Thursday, 14 August 2014


I know it's one of the things that Facebook users hate, but I was recently challenged to post three positive things in my day, every day for five days. We are now on Day 4!

Being a fundamentally negative person who always dwells on what has gone wrong, or what I could do better, it's been a really good exercise for me, and I'm finding at the end of the day that I'm spoilt for choice!

So many positive things are happening in our lives, but we depressives will always dwell on the negatives. So, although I'm not going to post beyond five days, I'm determined to sit down with a pad every night and continue the exercise!

Monday, 11 August 2014

Looking Again for a Priest

With the unexpected resignation of our Associate Priest, Revd Alison Jones, our two parishes, once again, are looking for a priest to join us.

Alison was kind enough to emphasise the tremendous welcome and love she received here, and the fact that  she felt very supported by me and enjoyed working with me, but had to leave because of vocational and personal reasons. We will miss her.

However, it's not a very comfortable feeling being left on your own to support two parishes when the initial plan was to have three priests here, one being non-stipendiary. Many sermons yesterday probably honed into Simon Peter trying to walk on water, and talked about not waving but drowning. I refuse to drown, so unless I tell you otherwise, I'm still waving!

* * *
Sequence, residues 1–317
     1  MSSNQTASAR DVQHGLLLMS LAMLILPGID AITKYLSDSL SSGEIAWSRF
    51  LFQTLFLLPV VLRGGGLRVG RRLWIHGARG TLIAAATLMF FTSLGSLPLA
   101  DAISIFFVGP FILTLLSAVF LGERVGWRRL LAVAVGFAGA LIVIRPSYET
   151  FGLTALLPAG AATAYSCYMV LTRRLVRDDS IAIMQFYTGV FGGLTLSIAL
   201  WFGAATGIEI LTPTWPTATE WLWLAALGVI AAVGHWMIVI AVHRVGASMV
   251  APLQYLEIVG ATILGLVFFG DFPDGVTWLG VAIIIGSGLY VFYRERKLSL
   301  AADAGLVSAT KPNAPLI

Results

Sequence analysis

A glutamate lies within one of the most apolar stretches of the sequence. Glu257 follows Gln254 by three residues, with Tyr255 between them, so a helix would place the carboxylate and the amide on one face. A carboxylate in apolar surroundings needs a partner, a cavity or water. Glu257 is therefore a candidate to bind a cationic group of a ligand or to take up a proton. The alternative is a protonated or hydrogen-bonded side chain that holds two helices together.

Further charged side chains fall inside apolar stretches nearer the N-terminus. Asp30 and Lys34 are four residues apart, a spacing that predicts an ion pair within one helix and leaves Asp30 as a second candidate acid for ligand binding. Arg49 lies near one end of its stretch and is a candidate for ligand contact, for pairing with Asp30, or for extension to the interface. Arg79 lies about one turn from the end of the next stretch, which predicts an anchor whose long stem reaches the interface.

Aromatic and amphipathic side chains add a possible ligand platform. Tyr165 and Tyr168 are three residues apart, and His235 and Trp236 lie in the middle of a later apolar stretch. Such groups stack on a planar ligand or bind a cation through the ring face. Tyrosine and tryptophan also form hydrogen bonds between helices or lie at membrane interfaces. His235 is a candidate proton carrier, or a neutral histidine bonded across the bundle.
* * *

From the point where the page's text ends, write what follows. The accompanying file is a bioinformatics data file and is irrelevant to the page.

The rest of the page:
And, yes, I have faith that God will sort it, and St Augustine's and St Mungo's will carry on and go from strength to strength despite this setback. There must be clergy out there who would love to minister on the Bonnie Banks of Loch Lomond!

I know I can count on the Blogging community for their prayers in the coming months, and any offers of support will be generously received!

Thursday, 24 July 2014

My City

Yes, we're back from the incredible sunshine in Greece to the incredible sunshine of West Dunbartonshire, and although the workload is as big as ever, and the future seems to indicate that my job may become totally unmanagable without extra help, we are basking in weather which I could really get used too. Of course, our friends from the Commonwealth, it's always like this in Glasgow during the Fair Fortnight!

Being in Glasgow yesterday, my home city, it was wonderfully vibrant as the opening ceremony og the Commonwealth Games was due to take place in the evening at Celtic Park! The place was awash with colour and excitement, and folk from all over the world admiring its beauty, and accepting its hospitality! "Mon, an huv a swallow wi' us, pal!"